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[...] a face is created by taking a monochrome photograph of a real face, thresholding it (making all pixels darker than a given level black, and all other pixels white), cutting it out, and centering it in an ellipse. What is remarkable about Mooney faces is that typically they don't have recognizable features until one sees them as complete faces; one can only identify the parts of a Mooney face (nose, eyes, mouth, ears, etc.) after having first recognized it holistically as a face.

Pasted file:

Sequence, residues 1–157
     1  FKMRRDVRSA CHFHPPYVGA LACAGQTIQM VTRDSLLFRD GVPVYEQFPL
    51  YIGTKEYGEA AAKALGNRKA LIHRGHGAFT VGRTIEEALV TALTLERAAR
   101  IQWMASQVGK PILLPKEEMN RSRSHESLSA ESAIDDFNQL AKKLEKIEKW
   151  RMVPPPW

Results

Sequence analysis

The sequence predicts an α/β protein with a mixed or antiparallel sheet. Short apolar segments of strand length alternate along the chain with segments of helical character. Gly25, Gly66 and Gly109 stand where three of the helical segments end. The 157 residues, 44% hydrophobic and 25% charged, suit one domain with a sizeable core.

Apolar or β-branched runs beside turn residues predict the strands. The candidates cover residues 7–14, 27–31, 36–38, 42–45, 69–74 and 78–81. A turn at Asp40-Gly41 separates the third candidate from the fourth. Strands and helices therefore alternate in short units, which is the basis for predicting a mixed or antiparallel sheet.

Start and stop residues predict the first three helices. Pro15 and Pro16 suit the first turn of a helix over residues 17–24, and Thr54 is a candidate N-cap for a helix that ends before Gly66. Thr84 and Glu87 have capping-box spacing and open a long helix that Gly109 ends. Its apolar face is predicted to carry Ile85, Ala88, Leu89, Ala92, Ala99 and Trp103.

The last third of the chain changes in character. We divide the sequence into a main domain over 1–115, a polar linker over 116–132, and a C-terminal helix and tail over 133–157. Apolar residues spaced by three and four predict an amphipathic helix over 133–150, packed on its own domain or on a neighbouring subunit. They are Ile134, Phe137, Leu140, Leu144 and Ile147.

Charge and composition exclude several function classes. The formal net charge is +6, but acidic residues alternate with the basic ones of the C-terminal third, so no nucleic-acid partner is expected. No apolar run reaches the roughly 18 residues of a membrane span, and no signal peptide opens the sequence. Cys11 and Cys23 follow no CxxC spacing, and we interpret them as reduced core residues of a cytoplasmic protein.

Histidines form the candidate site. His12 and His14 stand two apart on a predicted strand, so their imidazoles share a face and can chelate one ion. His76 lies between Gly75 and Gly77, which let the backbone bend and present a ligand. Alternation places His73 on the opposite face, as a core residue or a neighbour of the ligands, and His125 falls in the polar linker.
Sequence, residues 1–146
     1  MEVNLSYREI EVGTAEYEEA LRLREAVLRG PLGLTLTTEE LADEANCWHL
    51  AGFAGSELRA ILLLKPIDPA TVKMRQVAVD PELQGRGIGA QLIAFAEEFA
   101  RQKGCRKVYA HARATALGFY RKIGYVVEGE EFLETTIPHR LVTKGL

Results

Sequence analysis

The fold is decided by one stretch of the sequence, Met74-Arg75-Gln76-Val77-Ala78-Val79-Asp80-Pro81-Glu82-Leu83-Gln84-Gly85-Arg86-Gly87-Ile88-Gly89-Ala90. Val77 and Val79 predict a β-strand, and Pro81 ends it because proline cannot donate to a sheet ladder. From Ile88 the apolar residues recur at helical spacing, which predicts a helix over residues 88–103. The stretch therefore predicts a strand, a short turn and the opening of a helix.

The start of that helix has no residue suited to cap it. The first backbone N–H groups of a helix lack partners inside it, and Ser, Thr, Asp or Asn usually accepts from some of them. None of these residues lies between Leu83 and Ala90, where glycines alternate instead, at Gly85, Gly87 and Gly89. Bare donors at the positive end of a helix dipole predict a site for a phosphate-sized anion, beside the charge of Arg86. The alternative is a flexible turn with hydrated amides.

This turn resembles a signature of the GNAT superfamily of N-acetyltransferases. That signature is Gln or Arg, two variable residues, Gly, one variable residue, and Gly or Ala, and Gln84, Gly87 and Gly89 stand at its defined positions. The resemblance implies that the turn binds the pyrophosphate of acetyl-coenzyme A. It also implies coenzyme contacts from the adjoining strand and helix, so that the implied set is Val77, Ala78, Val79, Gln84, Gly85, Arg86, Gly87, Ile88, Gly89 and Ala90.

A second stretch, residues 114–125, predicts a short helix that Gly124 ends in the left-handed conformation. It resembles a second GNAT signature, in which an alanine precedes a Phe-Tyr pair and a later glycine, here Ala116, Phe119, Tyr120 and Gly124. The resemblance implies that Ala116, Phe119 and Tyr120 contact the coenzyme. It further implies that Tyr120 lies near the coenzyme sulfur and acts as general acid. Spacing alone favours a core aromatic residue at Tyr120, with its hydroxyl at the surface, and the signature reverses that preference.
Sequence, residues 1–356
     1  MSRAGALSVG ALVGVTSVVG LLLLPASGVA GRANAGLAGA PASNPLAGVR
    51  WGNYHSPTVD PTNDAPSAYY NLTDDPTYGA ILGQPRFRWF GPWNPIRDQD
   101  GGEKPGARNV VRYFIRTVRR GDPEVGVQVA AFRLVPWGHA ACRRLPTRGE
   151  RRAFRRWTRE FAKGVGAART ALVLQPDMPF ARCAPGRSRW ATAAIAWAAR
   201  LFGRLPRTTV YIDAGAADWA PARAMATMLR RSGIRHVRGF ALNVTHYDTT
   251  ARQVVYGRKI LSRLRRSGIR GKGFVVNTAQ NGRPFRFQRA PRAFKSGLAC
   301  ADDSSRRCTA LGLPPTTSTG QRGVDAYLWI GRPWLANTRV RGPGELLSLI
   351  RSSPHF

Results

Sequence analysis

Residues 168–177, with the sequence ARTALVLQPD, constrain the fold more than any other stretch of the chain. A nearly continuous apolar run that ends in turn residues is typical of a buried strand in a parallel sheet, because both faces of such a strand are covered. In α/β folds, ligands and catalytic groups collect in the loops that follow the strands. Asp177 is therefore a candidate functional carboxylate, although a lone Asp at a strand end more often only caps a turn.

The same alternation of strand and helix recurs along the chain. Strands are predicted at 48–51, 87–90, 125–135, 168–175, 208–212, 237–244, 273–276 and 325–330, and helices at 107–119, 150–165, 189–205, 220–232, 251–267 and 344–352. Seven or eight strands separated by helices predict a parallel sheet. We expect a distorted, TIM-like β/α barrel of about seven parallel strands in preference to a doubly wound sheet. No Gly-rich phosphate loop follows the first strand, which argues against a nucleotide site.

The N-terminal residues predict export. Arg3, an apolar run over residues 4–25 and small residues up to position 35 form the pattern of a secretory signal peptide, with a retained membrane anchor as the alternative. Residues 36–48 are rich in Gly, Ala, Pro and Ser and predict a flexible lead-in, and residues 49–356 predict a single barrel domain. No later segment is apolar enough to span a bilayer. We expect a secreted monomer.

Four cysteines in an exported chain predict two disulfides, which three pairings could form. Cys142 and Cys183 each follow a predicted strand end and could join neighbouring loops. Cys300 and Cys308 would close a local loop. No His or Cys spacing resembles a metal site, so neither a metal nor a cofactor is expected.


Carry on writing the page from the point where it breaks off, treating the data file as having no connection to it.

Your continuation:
1204 News From the Field The neural responses were affected A Mooney (1957, Can J Psychol detect deception in body movement is by the category that participants were 11:216) face is a type of stimulus influenced by expertise. Expert bas- set to search. Specifically, a larger re- whose identification resists this char- ketball players differed from novices sponse appeared in one cortical area acterization. Such a face is created by in their sensitivity to faked passes, during a search for cars rather than taking a monochrome photograph of with experts relying on different types people, but another area showed the a real face, thresholding it (making all of cues to detect the deceptive move- opposite pattern. Most importantly, pixels darker than a given level black, ments. Sebanz and Shiffrar screened these responses occurred indepen- and all other pixels white), cutting participants for experience in playing dent of whether the scenes appeared it out, and centering it in an ellipse. and watching basketball and presented at attended or unattended locations. What is remarkable about Mooney the experienced basketball players and For example, when searching for a faces is that typically they don’t have inexperienced novices with dynamic car, the corresponding cortical area recognizable features until one sees (short videos clips) or static (series of showed increased responses when a them as complete faces; one can only still frames) stimuli depicting a player car appeared at either an attended or identify the parts of a Mooney face dribbling and preparing to throw ei- an unattended location. These find- (nose, eyes, mouth, ears, etc.) after ther a fake or real pass. The stimulus ings suggest that the top-down atten- having first recognized it holistically presentation stopped just short of any tional set determines which stimuli as a face. Given the holistic nature of potential pass, and observers judged are processed to the point of recogni- Mooney face processing, one might whether the player intended to fake or tion. Stimuli that are irrelevant on the expect that such stimuli would be to actually make a pass. Both experts basis of location can attract attention, immune to crowding. After all, there and novices could detect deception, but only if they match a participant’s seems to be no stage in the process- but experts were significantly better search set. Thus, attentional capture ing of a Mooney face in which the than novices when provided with the and subsequent recognition may de- individual features are sensed inde- dynamic cues contained in the video. pend on attentional set. —S.P.V. pendently of the whole face itself, In a second experiment, when only and therefore no way for the features dynamic cues were available, experts VISUAL IDENTIFICATION of different Mooney faces to be mis- readily detected deceptive movement, bound to another Mooney face. but novices did not. These results sug- Faces in the Crowd gest that participants with experience Surprisingly, however, as Farzin Farzin et al. (2009). Holistic crowding of were sensitive to a rich set of dynamic Mooney faces. J Vis, 9(6), Art. 18. et al. show c
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